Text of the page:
I do a cruise every January with Delbert McClinton and The Mavericks and a bunch of really great bands. I’ve been doing it for 10 years. It’s wonderful, I bring the kids. Also, my band The Rattlesnakes, does the Lynyrd Skynyrd cruise in October.

What circumstances led to Quinn Sullivan signing with SuperStar Records?
Buddy Guy discovered Quinn when he was 7 or 8 before SuperStar was put together. Buddy gave me a DVD of Quinn playing with him, and asked if I would play on a song with Quinn. So I wrote a song called “Whose Gonna Fill Their Shoes” about people like Buddy Guy and BB King and Ray Charles. Buddy asked me to produce a record for Quinn, so we did Cyclone in 2011. I wrote all the songs and Buddy Guy put it out. It was an interesting task because I had to write for a 12-year-old who plays the blues. So I couldn’t write about girls or dating. I kinda looked at it like early Beatles, where if we touched on a relationships, it was just fun, like “I Wanna Hold Your Hand.” It really worked, it charted on Billboard’s Blues chart and sold a lot of records. Now Quinn is 14.

Musically, has the blues world expanded outside the traditional blues-box?
Yes, I think on my records it has. I am a purist and I love traditional blues and traditional country, but I also love pushing the envelope in any genre that I’m writing or producing. I say, knock the box down to where you’re really out on a limb, where the mix is over-the-top or your subject matter is completely in your face or the guitar solos are tearing your head off. It’s important to make blues records credible. “Sweet Home Chicago” is a great song and it’s been recorded by so many people. I want to write a new “Sweet Home Chicago.”

When I wrote “Rock Me Right” for Susan Tedeschi, the label said she couldn’t use it on the record because it has the word rock in it. I didn’t care. I wanted to reach blues fans and also the rest of the world. The record went to No. 1, sold a million copies and the song has been recorded by over two hundred artists. It’s a new standard.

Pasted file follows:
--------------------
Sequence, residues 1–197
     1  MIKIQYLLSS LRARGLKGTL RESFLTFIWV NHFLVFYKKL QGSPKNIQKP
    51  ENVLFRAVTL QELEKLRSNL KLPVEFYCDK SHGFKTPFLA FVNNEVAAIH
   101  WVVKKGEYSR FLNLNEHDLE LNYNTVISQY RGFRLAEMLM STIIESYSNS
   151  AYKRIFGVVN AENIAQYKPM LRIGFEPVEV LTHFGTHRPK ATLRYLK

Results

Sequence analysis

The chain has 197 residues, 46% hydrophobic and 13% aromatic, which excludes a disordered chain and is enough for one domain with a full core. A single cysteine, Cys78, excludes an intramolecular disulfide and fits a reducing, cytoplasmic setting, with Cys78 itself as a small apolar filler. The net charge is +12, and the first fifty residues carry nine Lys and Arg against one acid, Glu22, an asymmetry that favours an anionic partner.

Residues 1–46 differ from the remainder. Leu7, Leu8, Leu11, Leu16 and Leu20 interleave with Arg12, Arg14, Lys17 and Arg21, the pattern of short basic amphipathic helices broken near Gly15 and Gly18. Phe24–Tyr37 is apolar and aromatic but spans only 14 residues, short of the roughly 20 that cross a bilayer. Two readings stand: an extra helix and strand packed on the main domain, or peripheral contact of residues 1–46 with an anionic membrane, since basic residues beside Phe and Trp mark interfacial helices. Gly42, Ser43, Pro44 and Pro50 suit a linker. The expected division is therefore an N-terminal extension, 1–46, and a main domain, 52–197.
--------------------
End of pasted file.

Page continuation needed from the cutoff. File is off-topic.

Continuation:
Is it true that the Keith Urban/Buddy Guy duet almost didn’t make the album?
At first listen to the work tape, Buddy said he didn’t want to record “One Day Away.” After he went back to the hotel that night, I recorded it with the band and I put a vocal on it, because I just had a feeling that this song was going to resonate with him. But I am his producer and I am trying to do things that I think are the best for him. So I sent him the album to listen to, and at the end of it I put a long pause and then there’s my version of the song. So he calls me about four days later and says, “Man I love this record but I got to tell you, there’s a song called ‘One Day Away,’ and it’s killing me how wonderful it is, but I don’t remember recording it.” And I explained that I wanted him to hear it in the context I had in mind and told him my idea for a duet with Keith Urban. And he said, “I’m all for it, I love it. As a matter of fact, people who have been hearing my CD want me to play that one again.” So I recorded Buddy in Chicago and Keith at Sound Stage in Nashville. Keith said, “I can’t believe I’m singing with Buddy Guy.” He was so into it and so gracious and he did an amazing vocal and they traded guitar solos.

Who is your A-Team in Nashville?
Michael Saint Leon engineered Boom and James Cotton
Bass – Michael Rhodes, Tommy McDonald and Glenn Worf
Guitar – Rob McNelly, Pat Buchanan, JT Corenflos and David Grissom
Keyboards – Reese Wynans and Kevin McKendree

“Nashville’s not just a town for recording country. I recorded Buddy Guy’s last four albums at Blackbird. I did James Cotton’s Cotton Mouth Man at Sound Stage Studios. Jack White, The Black Keys, Sheryl Crowe and Delbert McClinton all record in Music City … This Town Rocks!”